Is it bulls or bears in '82? 'Chart' plotters differ

By , Business correspondent of The Christian Science Monitor

Astronomers chart the stars. On Wall Street, ''technical analysts'' do the same thing for the stock market.

Using straight edges, they draw lines on charts of the Dow Jones industrial average, projecting the future path of the market -- though with not nearly the same precision as astronomers with the stars. They examine the minutiae of the ticker tape and develop a jargon that only other chartists can understand. Their lingo is full of such phrases as ''necklines,'' which has nothing to do with fashion, ''head and shoulders'' (which has nothing to do with photographs), and ''breakouts'' (not related to jail escapes).

The technicians have become such a force that nearly every brokerage house keeps one on its research staff. Still other chartists, like Joseph Granville, publish newsletters and maintain a small but loyal following. Most brokers consider it worth noting what the chart plotters are saying, even if they don't believe in them.

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For 1982, the technicians are widely split. Some are expecting a roaring bull market, while others are forecasting a return to the cellar. Still a third group thinks the market may just drift without direction in 1982. One analyst says the last time the technical community was so split was in 1976-77, when the market stayed in a 940-980 trading range before peaking out above 1,000 later in 1977.

In the bearish camp sits Robert Farrell, Merrill Lynch's technical analyst, who is predicting that ''a major bottom could occur in 1982. . . .'' Mr. Farrell believes investors remain too complacent about the stock market and its risks and are in need of a good jolt before they're ready for a new bull market. He says that once the market undergoes this jolt, investors could see a substantial rise in 1983-84.

Stanley Weinstein, who publishes The Professional Tape Reader, likewise does not believe a new bull market has started. He sees some ''early rays of sunshine'' in some of the technical factors he follows, but generally believes investor psychology is far too optimistic for a major bottom. He is telling his readers, however, that in the first half of 1982 ''we expect a super buying opportunity.''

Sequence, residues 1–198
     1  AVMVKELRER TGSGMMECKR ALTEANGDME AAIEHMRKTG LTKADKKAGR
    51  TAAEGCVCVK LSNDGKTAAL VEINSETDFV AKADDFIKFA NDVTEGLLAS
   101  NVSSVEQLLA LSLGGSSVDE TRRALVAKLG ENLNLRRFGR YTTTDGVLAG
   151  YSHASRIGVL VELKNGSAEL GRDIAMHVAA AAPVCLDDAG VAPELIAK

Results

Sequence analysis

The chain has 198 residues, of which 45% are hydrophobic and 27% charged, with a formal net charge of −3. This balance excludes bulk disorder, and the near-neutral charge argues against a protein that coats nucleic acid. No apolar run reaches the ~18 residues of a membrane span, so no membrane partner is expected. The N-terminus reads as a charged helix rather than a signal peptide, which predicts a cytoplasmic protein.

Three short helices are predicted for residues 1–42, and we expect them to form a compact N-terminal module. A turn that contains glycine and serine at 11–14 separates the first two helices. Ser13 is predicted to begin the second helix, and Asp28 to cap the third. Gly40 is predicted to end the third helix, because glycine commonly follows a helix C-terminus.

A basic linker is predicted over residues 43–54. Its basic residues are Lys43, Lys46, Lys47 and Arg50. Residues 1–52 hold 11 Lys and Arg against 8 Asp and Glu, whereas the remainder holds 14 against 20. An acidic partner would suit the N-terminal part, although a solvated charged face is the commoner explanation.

E. F. Hutton's Newton Zinder is advising his firm's customers to sell into any rally that takes place over the next few weeks. He reasons that enough ''technical damage'' (stock selling trends that a technician sees as harmful to price prospects) has been done to the market over the last few weeks to warrant caution.

Another technician, Ralph Acampora, vice-president and head of technical research (chartist research) at Kidder, Peabody, is forecasting a ''choppy'' market in 1982. It will continue to waffle, he believes, moving in a trading range in the first few months from the low 800s to the low 900s. Mr. Acampora says he agrees with the bulls when they say sentiment has shifted to the positive side, and with the bears when they say that the decline of 1981 was not a simple one and that the market still needs a technical recovery. ''What we really have is a Mexican standoff,'' he says.

Still another market-watcher, Anthony W. Tabell of Delafield, Harvey, Tabell, agrees that it's tough to determine whether or not the market has bottomed. He has found only one similar period, in October 1957. At that point, he says, it took six months until the market took off in earnest.

In the bullish camp is Martin Zweig, who runs the Zweig Securities Advisory Service Inc. Mr. Zweig, who is often a panelist on Louis Rukeyser's ''Wall Street Week in Review'' TV show, is telling his clients there is too much pessimism about. Short interest (the number of shares ''sold short''; that is, the sale of borrowed stock which the seller hopes to purchase at a profitable price later and return to the lender) are at record levels and the mutual funds are loaded with cash - both normally bullish signs. And, even though interest rates recently ticked up, he says, ''I think the basic trend in rates is still down.'' Zweig says this week is a critical one for the market. If it doesn't move up, he says, he may have to reevaluate his position.

Probably one of the best-known technical analysts is Joe Granville. Mr. Granville for months has been saying the market is in for a severe slump. He still hasn't changed his mind. In a statement that his wife read to Frank (Rip) Slusser, a United Press International stock market reporter, Granville told the world that 1982 will start ''with another market massacre.'' He predicted the Dow would plummet to the 550-650 level because of the failure of Reaganomics to turn the economy around. He told UPI the recession could lengthen into a downturn ''that will rival some of the economic setbacks in the history books.''

One broker we know got a piece of coal from his wife for Christmas. What was his reaction? ''Is she telling me it's time to buy the coal stocks?'' he asks.

The tax selling finally dried up last week and the stock market managed to eke out a small gain. For the week, the widely watched Dow industrial average closed with a gain of 1.62 points. Volume was light all week except on Thursday, when the index tacked on four points. Over the course of the year the average lost 88.99 points.

Among the active stocks last week were several of the blue chips. IBM, Eastman Kodak, and Union Carbide all showed respectable gains.

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